The Pressure’s OnThe city has seen 260 water main breaks in the past 10 years, according to Motyka, a department employee since 2007 who was appointed director last fall. The oldest water pipes in Montpelier are cast iron and are holding up better than ductile iron pipes installed starting in the 1970s, partly because acidic clay soils are corroding the ductile iron pipes. The cast iron pipes have four times the thickness of the ductile iron pipes, Motyka said. The city is in the sixth year of a 50-year, $83 million plan to replace its aging water pipes with high-density polyethylene pipe, but it has no current plan to address the pressure level, which may be the highest in the state. The high-pressure system has been in place for a long time and allows water to reach the higher elevations in the city without the need for expensive pumps or more water towers (the city already has two towers, one on Towne Hill Road and one off of Terrace Street). However, a state official who regulates drinking water systems says Montpelier’s water pressure should be much lower, and he is critical of the city’s approach of only focusing on pipe replacement, saying it does not get to the root of the problem. There are devices that can be used to lower the water pressure in gravity-fed systems like Montpelier’s. Dana Nagy, drinking water community operations section supervisor for the state of Vermont, said the city’s 50-year plan alone is unacceptable. “The current approach does not address the high pressure,” he told The Bridge. “It’s just kicking the can down the road.” Montpelier’s water pressure is at its highest downtown and other lower elevation parts of the city, running in the 180 to 200 pounds per square inch (psi) range (the state recommends a range from 35 psi to 90 psi). According to Motyka, Montpelier’s pressure drops by 1 psi for every 2.3 feet of elevation above the lowest sections of town. Anecdotal information suggests that the pressure may create more problems at lower elevations.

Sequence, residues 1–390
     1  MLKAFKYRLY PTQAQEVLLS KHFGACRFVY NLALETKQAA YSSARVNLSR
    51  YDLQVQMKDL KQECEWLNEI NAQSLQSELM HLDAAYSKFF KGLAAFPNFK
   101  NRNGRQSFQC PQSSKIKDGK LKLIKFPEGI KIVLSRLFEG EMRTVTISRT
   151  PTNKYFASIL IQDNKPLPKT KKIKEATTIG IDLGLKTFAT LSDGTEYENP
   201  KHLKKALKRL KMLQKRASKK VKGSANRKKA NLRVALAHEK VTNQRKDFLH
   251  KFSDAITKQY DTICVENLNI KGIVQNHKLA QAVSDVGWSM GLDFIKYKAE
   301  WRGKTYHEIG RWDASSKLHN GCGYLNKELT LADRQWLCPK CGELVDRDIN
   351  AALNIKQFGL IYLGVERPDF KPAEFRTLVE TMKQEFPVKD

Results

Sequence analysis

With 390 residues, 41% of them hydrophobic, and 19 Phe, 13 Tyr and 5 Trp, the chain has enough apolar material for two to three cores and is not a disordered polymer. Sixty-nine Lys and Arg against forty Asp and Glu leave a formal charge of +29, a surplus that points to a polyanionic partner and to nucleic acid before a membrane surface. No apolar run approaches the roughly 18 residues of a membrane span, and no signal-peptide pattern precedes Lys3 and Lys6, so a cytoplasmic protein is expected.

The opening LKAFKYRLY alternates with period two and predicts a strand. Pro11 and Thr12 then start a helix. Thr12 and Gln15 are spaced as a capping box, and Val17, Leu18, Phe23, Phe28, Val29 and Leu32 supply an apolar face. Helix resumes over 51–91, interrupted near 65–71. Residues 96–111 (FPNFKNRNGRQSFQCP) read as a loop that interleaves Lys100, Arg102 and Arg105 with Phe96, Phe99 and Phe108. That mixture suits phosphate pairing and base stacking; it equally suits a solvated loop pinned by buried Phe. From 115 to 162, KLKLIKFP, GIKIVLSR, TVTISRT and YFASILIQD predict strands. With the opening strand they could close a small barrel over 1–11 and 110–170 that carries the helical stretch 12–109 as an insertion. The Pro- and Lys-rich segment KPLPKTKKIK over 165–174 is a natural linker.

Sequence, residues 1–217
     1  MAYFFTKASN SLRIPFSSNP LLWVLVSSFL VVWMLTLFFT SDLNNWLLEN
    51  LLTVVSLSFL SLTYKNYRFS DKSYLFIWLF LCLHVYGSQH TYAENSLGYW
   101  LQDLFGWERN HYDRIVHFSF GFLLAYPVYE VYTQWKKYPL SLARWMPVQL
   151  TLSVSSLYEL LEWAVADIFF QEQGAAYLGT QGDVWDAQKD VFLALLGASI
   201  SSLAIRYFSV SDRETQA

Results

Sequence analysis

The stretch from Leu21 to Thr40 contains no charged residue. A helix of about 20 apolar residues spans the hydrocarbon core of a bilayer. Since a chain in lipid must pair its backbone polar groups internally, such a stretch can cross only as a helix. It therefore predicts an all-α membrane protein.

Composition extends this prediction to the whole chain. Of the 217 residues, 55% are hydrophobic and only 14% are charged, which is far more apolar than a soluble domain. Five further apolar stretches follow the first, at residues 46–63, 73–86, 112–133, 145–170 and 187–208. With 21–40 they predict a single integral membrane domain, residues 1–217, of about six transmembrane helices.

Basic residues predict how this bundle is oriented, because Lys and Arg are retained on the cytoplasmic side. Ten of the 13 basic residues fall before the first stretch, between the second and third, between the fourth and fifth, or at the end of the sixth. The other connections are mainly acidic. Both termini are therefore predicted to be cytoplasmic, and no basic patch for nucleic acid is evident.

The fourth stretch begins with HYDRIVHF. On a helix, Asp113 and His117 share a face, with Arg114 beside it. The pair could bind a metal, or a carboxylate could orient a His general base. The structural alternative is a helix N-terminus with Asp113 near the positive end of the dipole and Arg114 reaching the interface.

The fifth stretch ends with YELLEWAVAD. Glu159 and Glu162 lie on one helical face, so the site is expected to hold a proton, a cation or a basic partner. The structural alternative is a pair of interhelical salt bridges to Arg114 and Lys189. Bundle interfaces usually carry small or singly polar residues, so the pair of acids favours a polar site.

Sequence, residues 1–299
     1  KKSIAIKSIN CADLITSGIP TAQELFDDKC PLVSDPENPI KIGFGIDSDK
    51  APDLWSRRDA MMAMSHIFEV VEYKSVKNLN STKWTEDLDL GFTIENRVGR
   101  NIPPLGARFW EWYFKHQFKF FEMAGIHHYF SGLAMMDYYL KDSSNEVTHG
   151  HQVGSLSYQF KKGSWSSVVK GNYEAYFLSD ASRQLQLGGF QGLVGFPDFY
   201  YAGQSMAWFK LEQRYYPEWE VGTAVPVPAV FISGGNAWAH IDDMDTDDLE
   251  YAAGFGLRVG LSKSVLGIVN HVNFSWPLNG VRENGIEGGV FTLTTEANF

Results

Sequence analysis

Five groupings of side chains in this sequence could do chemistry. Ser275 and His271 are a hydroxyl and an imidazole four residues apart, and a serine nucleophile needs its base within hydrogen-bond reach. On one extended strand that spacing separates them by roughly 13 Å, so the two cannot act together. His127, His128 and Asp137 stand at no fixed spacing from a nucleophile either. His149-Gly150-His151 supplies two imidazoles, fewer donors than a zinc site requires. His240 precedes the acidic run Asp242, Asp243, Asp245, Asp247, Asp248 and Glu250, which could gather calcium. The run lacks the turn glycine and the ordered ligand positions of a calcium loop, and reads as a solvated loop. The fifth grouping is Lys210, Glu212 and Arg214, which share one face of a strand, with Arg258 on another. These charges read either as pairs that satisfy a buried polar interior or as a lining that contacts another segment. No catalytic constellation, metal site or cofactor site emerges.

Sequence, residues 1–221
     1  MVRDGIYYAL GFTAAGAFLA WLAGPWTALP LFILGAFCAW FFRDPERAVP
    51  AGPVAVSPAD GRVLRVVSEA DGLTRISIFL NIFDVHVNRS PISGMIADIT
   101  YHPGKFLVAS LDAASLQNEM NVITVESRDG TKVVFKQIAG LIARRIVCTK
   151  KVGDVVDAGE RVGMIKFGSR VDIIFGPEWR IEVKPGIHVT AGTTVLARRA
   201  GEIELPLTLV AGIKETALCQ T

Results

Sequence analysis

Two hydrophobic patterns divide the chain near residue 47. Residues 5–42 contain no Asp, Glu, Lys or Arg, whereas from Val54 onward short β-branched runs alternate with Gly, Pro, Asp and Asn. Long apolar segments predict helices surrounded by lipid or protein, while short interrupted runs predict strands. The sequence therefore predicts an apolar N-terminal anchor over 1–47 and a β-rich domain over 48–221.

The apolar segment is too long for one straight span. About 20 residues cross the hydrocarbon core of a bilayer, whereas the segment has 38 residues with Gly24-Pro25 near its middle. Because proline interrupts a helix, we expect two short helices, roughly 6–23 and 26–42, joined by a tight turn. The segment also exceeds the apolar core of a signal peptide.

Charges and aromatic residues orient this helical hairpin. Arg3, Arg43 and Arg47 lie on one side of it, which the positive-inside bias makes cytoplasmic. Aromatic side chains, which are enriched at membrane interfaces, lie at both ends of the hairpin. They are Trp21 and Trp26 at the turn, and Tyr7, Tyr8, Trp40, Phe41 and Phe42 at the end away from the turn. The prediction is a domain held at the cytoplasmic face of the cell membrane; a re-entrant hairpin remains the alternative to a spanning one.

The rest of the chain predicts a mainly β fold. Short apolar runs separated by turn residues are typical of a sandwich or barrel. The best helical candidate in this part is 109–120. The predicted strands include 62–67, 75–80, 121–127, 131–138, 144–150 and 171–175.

Property Owners Foot the Bill for RepairsOne day last spring, Mason Singer, the owner of a building downtown at 2 Downing Street (and a board member of The Bridge), heard a noise in his cellar. Singer, who runs the design business Laughing Bear Associates from the building, went down to the basement. He found water pouring out of his water heater. He called a plumber who determined the water heater had blown because the pressure reducer controlling water pressure coming into the building had failed. Singer had to replace the water heater as well as the pressure reducer, at a total cost of just over $800. “I was lucky to have been around when the pressure reducer blew or there could have easily been significant water damage,” Singer said. “In my opinion, the city should be reimbursing people for repairs and damage — this seems to be a system-caused problem that building owners have no control over,” he said. “Building owners in the bowl that is downtown Montpelier should not be footing the extra cost (for these sorts of repairs) due to what are foreseeable and avoidable failures. At the very least it would be useful for the city to alert owners in the affected neighborhoods of the ongoing danger.” As a rule, the city does not reimburse property owners for water damage, PRV replacements, or other repairs. The city is only responsible if there is a negligent act by city staff, Motyka said. Another lower-elevation resident, Sandra Vitzthum of Loomis Street, suffered significant damage when her pressure reducer valve gave out, possibly because a nearby water main repair caused sand and silt to get into her water system. “I had to replace two toilets and one water heater and repair a sink faucet,” she said. Tim Heney, whose family owns several offices and apartments in downtown Montpelier, says the high pressure has been an issue in the buildings and requires him to replace PRVs about every ten years, sometimes with more expensive versions designed for high pressure. Heney is currently running for city council in District 3. One of the worst high-pressure incidents in recent memory occurred last summer at the Baird Street apartments, the large brick building on the corner of Baird and St. Paul streets downtown. In early August 2022, city water pressure caused a break in a pressure-reducing valve at the apartments, which then prompted water to burst internal pipes throughout the building. The event left residents of the building with no water for several days. The rush of water apparently occurred after the city turned the water off to make repairs on nearby School Street, and then turned it back on again. “It seems, when they turned the water back on, it sent some kind of wave through our building,” Lucky Boardman, the building landlord, told VTDigger at the time. “It destroyed the old galvanized lines, because of the pressures the city of Montpelier has.” The water was running at around 200 psi, he said. Pressure-reducing valve failures are not limited to low-lying areas. Sean Sheehan of West Street has had to replace the PRV in his house three times, once where he lives now, when the water heater started to blow off water, and two other times when he lived on Clarendon Avenue. At the Clarendon house, his toilet ran nonstop one time, and the other time his faucets started dripping. Another medium elevation resident, Paul Carnahan, said he has had to replace his PRV twice at his house on Sabin Street. Most recently, clanging pipes were the signal that something was amiss. John Stead, who has been a plumber for more than 30 years in Montpelier, said problems with PRVs seemed to increase about a decade ago. “I remember back then going to a house near the old Brown Derby (on Northfield Street) to replace a pressure-reducing valve,” he said. “Three days later it blew out again.” “I’ve noticed that people in low-lying areas sometimes need either two pressure reducers in sequence or special high-pressure reducers, which can cost $800 to $900,” he said. Stead noted that failing PRVs often cause toilets to run. “The toilet can run and run and you end up with a huge water bill,” said. The city will sometimes forgive these large water bills, he said. Plumber Jason Foster and his firm, Horizon Plumbing, replaced about 30 to 40 PRVs in Montpelier in 2022, he told The Bridge in late January. That same day his firm had just replaced one PRV and was on the way to replace two more. “It often comes about when a repair to a water main in the road causes sand and silt to get into the PRV,” he said. At a few houses on Berlin Street, for some reason a lot of sand is getting into household water systems, even coming out faucets. “I have three houses on Berlin Street where sand got into and ruined washing machines,” Foster said. “That’s an expensive repair.” He said one solution to keep particulates out of a building’s water system and protect PRVs and appliances is to install a whole-house water filter. These cost between $150 and $500 and require cleaning of the filters every six months or so, Foster said, but he thinks the state should require whole-house filters.